1. The Civil War. 2. Paul Revere's ride. 3. The Boston Tea Party. 4. Johnson's “ Rasselas.” 5. The battle of Balaklava. 6. The history of the United States. 7. The Norman Conquest. 8. The World's Fair. 9. The conquest of Mexico. 10. The Lisbon earthquake.

II. Treat the following by partition, being careful to note whether the basis chosen is in harmony with the purpose, and whether the law of unity is maintained in the partitions made on the basis chosen:

1. The manufacture of a pen. 2. The writing of an essay. 3. Whittier's “ Snow Bound.” 4. Longfellow's “ Keramos.” 5. The history of slavery in the United States. 6. The American Revolution. 7. England's acquisition of territory in the United States. 8. The formation of the earth. 9. The building of a ship. Also, Longfellow's “ Building of the Ship.” 10. The making of steel.

III. Set forth briefly the following by comparison and contrast :

1. The settlement of the Jamestown and Plymouth colonies. 2. The construction of the Pacific Railroad and the Suez Canal. 3. The election of the President of the United States and of France. 4. The manufacture of cotton and of silk goods. 5. The growth of a plant and an animal. 6. The history of the English and the American governments. 7. The writing of a discourse and building of a house.

IV. In a more complete and systematic way, defining the purpose and testing by the law of unity, construct narrations, or analyze those already constructed, in the following themes. Make outlines :

1. The circulation of the blood. 2. The "History of a Mouthful of Bread.” 3. The story of an iceberg : (a) to instruct, (6) to touch the emotions. 4. The campaign of Burgoyne. 5. “ The Wreck of the Hesperus,” by Longfellow. 6. “ King Volmer and Elsie,” by Whittier. 7. The life of Franklin. 8. The changes of the seasons : (a) to instruct, (6) to excite the feeling, (c) to move the will. 9. A grape from the seed to a raisin. 10. Political freedom in England and America. II. A story invented from a picture, to awaken pleasurable emotions. 12. A story invented to move the will. 13. The story of “ Feathertop,” by Hawthorne. 14. The process of learning the science and the art of narration. 15. “ The Legend of Sleepy Hollow," by Irving. 16. The great Spanish Armada. 17. The story of a drop of water from its change into vapor in the ocean to its return, — first to give instruction, and then to address the feelings. 18. The Sepoy rebellion. 19. The decay of Feudalism. 20. Shakespeare's “ Hamlet.” 21. Holmes' “ One-Hoss Shay."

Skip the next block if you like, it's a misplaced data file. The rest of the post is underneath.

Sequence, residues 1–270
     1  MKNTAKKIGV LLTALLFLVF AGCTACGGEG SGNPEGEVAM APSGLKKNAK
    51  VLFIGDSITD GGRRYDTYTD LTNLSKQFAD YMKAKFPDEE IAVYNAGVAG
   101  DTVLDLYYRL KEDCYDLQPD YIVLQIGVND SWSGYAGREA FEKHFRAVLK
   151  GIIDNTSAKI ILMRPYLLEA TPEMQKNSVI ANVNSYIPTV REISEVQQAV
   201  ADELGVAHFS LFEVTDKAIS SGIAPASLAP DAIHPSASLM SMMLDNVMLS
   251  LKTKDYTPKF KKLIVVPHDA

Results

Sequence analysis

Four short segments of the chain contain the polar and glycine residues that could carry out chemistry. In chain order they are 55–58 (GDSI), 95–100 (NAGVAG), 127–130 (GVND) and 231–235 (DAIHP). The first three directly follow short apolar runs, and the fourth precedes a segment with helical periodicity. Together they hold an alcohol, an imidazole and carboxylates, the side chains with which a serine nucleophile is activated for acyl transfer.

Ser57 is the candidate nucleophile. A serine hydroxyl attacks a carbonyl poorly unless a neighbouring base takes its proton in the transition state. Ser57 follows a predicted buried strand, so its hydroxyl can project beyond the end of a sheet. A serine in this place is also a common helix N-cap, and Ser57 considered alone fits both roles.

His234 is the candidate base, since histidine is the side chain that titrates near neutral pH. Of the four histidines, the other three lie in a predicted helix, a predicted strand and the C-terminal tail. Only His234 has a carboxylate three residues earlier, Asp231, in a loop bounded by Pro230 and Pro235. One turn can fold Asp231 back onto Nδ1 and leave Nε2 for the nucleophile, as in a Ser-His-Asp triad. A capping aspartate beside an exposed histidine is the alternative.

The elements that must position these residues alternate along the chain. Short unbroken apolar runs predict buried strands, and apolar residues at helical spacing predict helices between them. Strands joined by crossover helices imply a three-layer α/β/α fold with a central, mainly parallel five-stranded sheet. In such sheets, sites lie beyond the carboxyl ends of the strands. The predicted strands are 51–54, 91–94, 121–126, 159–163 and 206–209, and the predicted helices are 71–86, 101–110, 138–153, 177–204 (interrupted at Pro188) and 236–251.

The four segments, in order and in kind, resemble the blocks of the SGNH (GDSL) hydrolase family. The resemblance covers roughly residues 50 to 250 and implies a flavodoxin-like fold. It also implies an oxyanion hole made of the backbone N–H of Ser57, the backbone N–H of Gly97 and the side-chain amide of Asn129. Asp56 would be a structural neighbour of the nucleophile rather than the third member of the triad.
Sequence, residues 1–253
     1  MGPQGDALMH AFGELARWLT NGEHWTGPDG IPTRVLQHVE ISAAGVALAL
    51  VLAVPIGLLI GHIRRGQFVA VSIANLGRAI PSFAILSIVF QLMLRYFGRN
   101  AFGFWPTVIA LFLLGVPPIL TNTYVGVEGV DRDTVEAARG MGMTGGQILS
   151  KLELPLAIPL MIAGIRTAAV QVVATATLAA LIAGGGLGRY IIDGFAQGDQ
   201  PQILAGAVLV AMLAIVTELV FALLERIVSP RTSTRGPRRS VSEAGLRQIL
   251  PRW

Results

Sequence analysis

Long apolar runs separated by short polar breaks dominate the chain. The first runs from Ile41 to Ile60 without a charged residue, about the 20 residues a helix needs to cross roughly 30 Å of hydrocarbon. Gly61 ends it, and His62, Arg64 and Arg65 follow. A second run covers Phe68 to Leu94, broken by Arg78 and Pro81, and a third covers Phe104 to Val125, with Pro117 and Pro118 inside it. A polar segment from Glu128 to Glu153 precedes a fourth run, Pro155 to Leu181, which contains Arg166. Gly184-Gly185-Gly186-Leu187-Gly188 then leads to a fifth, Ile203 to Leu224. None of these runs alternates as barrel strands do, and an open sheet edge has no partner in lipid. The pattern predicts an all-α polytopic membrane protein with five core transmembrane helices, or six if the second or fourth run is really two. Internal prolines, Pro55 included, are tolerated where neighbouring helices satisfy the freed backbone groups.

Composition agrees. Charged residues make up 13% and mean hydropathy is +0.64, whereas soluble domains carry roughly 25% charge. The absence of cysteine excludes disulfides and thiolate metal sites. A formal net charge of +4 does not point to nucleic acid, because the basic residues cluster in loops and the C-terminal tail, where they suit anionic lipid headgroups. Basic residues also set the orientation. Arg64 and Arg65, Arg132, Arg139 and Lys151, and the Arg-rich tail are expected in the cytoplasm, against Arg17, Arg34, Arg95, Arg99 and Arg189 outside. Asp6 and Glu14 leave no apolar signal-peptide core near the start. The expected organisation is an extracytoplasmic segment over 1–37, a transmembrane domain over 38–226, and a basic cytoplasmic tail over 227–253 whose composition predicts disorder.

Exposition is the process by which one mind presents to another, through language, a general idea.

The preceding processes hold the attention to particular individuals, but exposition directs the attention to the unity of individuals through their common nature — their general idea. A description or a narration of individuals may be made for the purpose of presenting their common element, and this is exposition. But so long as the thought is organized in the individuals as such, the process is description or narration. In the first case they become subordinate processes of exposition. Exposition may also be a subordinate process in description and narration. Whenever there is to be described a complex object, as the earth, it is necessary to treat the classes of objects on the earth; and this is exposition. In narrating the history of the United States, there must be an exposition of the classes of colonies that were established. But a description or a narration may be made without exposition, while an exposition cannot be made without involving, in some way, description or narration.

It has already been shown that the theme in exposition is a unit, a whole, consisting of parts; as is the case in description and narration. The whole is the number of individuals which the common idea, or generative activity, binds together, or brings into existence.